Wow....this is a long video.....I watched the first rider.....strong horse, hands somewhat locked, turning like cowhorse sometimes......nothing to crazy or bad....speed seemed to be up.....where in this vid is there a prob, like what time area do I can go straight to the parts you have issue with....it's just really long
I didn't watch the whole hour and 40 minutes but you have a bunch of women competing in a pentathalon doing the stadium jumping portion. So, a, they aren't exactly the world's best jumpers, and b, they aren't going to win any equitation medals, but they're riding some pretty strong jumpers over some pretty big and solid jumps.
If you think this is bad on video... I have seen this sort of riding in the classes I compete in at shows. And the riders have no control and simply gallop their horses at every jump without a care for the horses leg or ankle stability after a ride. Only this weekend 3 horses broke their ankles IN THE RING, and the riders simply asked their parents to buy them a BETTER one because that one was incapable of coping with how ADVANCED their riding was!!!! People like this disgust me... (the barn that haunts our shows in Texas is FMEC)
I don't know much , well anything , really, about Pentathalons, but I would guess that the participants might be more focussed in the other areas of the sports included. For them to jump on possibley strange horses and go over some pretty big jumps without the years of training that most jumpers would have at that level, is pretty darn brave if you ask me.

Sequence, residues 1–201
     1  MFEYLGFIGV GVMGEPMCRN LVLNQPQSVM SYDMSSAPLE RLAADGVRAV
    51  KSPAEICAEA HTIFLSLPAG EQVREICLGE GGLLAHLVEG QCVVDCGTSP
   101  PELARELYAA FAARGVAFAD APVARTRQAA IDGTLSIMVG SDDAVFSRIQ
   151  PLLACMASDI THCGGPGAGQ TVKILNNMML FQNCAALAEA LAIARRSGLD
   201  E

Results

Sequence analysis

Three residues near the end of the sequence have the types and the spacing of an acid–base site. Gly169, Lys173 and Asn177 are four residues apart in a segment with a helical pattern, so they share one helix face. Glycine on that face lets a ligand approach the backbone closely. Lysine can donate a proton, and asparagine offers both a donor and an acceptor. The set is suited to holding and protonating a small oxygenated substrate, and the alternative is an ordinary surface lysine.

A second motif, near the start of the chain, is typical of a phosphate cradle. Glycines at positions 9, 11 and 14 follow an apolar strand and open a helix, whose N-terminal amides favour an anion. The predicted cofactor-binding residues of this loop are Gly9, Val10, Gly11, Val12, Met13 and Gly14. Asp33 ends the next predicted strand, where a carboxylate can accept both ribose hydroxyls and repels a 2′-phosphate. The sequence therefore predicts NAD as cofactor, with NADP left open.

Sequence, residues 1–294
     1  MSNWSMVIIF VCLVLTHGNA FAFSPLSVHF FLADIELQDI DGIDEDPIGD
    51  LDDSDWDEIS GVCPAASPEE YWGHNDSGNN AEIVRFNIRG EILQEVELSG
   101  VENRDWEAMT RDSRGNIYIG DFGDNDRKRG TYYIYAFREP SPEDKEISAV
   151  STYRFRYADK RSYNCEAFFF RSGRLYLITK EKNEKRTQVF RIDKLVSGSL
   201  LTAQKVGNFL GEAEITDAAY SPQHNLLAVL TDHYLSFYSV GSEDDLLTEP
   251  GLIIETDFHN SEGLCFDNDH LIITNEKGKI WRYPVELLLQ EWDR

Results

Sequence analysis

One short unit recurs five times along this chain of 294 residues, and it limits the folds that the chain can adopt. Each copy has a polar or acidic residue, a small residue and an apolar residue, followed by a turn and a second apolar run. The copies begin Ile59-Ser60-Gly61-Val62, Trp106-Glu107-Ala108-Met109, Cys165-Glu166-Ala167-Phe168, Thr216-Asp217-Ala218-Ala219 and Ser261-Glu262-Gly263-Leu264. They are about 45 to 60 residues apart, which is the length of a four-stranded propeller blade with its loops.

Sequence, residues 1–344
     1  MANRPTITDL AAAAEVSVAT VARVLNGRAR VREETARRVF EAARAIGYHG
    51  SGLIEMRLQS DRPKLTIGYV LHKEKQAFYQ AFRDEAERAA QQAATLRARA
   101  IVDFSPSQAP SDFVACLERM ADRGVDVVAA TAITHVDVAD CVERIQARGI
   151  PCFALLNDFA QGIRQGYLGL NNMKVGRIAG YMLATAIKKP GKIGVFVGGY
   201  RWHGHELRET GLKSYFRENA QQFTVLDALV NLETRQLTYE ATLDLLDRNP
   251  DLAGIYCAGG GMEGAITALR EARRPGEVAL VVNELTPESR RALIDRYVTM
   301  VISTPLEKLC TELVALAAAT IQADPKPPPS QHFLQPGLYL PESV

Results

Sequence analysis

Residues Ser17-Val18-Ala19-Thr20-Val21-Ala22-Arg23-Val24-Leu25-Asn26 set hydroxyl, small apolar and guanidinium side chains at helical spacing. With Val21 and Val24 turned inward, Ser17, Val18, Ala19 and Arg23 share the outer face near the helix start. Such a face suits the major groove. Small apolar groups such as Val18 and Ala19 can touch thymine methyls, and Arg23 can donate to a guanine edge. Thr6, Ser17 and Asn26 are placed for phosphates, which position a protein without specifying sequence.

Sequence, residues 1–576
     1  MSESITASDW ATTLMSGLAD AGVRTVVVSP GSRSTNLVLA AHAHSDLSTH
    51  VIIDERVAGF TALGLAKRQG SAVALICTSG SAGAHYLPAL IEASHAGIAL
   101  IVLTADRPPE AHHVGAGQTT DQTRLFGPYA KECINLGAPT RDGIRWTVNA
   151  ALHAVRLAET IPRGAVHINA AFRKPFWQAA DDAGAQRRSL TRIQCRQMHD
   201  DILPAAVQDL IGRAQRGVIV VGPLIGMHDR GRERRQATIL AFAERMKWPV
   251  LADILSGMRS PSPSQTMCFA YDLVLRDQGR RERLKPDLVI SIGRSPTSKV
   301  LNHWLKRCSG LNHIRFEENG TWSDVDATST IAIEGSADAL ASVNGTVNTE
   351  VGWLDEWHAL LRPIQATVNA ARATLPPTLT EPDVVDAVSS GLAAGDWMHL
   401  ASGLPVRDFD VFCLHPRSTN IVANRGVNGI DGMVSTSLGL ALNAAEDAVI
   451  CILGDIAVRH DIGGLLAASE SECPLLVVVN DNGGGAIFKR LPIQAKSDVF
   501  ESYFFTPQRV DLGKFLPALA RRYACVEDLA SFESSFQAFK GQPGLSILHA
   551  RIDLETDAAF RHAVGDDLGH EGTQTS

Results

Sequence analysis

I do agree, however, that if I had a highly trained jumper, I might not want to lend it to them for this competition.
And just an afterthought......it's only a few minutes of that horses life, and horses are pretty darn good at taking care of themselves......it could be a whole lot worse......everything considered.....I would surely have held the horse in a chokehold and flown at the jumps too!!! Forget form, just survive!!!!!
Sorry me again....ok got to look at the 13.35 'choker hold' as was mentioned by another poster above......
We sometimes forget that the rider is 'competing' on a strange horse.....she doesn't have time to figure out the horses or her own issues with it, nor can she take the horse home and work the kinks out, and nor does she want to say, 'geez, I'm not going to be riding in very good form on this horse, so to save face I'm going to opt out of riding' quite honestly that horse looked very strong, and she did the best she could to complete course.....it's similar to a jockey, he's called, accepts the ride on a strange horse.....goes to the races hops on and rides.....sometimes it works out....sometimes it doesn't......